Gordon-Levitt makes his directorial debut in Don Jon

Mike Colonna, Contributing Writer

DON JONIf you are looking for a family friendly romantic comedy, skip this one, because this bold flick shocks you with its vulgarity.  Still, it is not without a beating heart and stylish direction that keeps it fresh and alive.  Written, directed, and starring Joseph-Gordon Levitt, Don Jon is one the most standout comedies of the year.  The movie follows Jon (Levitt), a “Jersey” guy with a devotion to his friends, family, church, and online collection of pornography.  His daily routine of going to the gym, scoring girls, watching porn, and confessing his sins is interrupted, however, when he falls for Barbara (Scarlett Johansson), who is a “10” in his book. Hoping to make their relationship stick, he seeks advice from his father (Tony Danza) and an unlikely friend Esther, his emotionally unstable classmate (Julianne Moore).

Don Jon is propelled by both its stylish, humorous direction and performances that are light and funny, as well as the realistic and gritty ones when the moment calls for it.  As it is his directorial debut, Levitt makes sure his bold direction is at the forefront of the film.  Whether it is through stylistic jump cuts or swelling, melodramatic music, Levitt loves to exaggerate the films emotions in fun, cartoony ways, and it nearly always works.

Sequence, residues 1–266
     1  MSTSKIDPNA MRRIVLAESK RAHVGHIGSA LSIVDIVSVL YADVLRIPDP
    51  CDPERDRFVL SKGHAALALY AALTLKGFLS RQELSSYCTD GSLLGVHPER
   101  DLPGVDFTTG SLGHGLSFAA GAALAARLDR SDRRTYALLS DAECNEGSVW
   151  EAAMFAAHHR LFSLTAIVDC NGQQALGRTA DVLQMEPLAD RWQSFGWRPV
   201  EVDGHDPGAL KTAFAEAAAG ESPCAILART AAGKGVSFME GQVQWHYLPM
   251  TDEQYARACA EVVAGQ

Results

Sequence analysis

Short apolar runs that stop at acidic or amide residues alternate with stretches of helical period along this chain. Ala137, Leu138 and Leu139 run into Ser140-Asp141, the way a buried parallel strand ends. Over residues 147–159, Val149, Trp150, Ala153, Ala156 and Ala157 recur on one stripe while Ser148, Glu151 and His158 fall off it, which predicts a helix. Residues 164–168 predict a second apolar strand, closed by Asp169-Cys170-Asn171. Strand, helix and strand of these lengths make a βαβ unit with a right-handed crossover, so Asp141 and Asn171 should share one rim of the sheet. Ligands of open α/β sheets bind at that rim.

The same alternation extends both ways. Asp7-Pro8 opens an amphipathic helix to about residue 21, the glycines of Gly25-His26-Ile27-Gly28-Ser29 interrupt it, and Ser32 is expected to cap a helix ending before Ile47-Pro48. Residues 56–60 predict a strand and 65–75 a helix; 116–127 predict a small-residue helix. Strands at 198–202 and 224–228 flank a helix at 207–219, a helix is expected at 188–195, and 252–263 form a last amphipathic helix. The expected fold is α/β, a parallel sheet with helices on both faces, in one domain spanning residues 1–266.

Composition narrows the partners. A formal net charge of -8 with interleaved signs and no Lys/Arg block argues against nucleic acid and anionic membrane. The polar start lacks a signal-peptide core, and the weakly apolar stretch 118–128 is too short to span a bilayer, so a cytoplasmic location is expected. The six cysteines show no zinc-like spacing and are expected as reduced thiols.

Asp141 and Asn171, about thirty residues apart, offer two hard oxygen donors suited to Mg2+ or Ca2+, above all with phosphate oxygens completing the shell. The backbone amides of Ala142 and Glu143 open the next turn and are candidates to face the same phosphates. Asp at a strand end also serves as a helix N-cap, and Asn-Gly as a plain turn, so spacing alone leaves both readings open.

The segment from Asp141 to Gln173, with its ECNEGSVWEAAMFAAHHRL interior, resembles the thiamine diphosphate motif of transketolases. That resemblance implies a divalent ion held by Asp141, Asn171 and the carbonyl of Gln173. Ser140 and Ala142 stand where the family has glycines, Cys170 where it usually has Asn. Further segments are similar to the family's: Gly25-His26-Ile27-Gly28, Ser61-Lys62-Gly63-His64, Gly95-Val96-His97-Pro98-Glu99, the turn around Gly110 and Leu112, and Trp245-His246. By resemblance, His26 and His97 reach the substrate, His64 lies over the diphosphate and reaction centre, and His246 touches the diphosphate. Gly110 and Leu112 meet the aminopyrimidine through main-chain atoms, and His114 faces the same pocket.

The fangirls who will flock to this movie expecting to see Levitt in his usual “nice guy” persona (made popular by movies like 500 Days of Summer and 50/50) will be rudely surprised.  In a refreshing break for his acting career, Levitt is rawer, cruder, and more sex addicted as Jon than any of his past characters.  But that is not a bad thing.  Levitt brings this movie to life, pumping energy into every scene he is in.  Opposite him, Johansson does an equally fine job, switching to and from the playful girlfriend and the hurt, distrustful girlfriend smoothly and realistically.

But the movie is deeper than porn and love.  Underlying the film’s drama and emotion are huge questions that plague our modern, media-filled society: how many of us are disillusioned by movies?  How many of our relationships have we tainted because they have not lived up to movie standards?  Don Jon confronts these questions head on, with confidence in its stride that is hard not to appreciate.

The film is not without its flaws, though.  It is easy to be turned off by the excessive pornography, which is blasted at viewers almost totally uncensored throughout the movie.  It is shocking and interesting at first, but after a while, it becomes a nuisance that makes certain scenes painfully awkward to sit through.  Near the end, the movie tends to lose its fangs as well, with its somewhat abrupt transition in direction from bold to sappy.

Don Jon is a movie you have to see to believe.  With vibrant direction and charismatic performances from a well-rounded cast, it is hard not to get lost in the film’s energy. Just do not see it with your grandparents.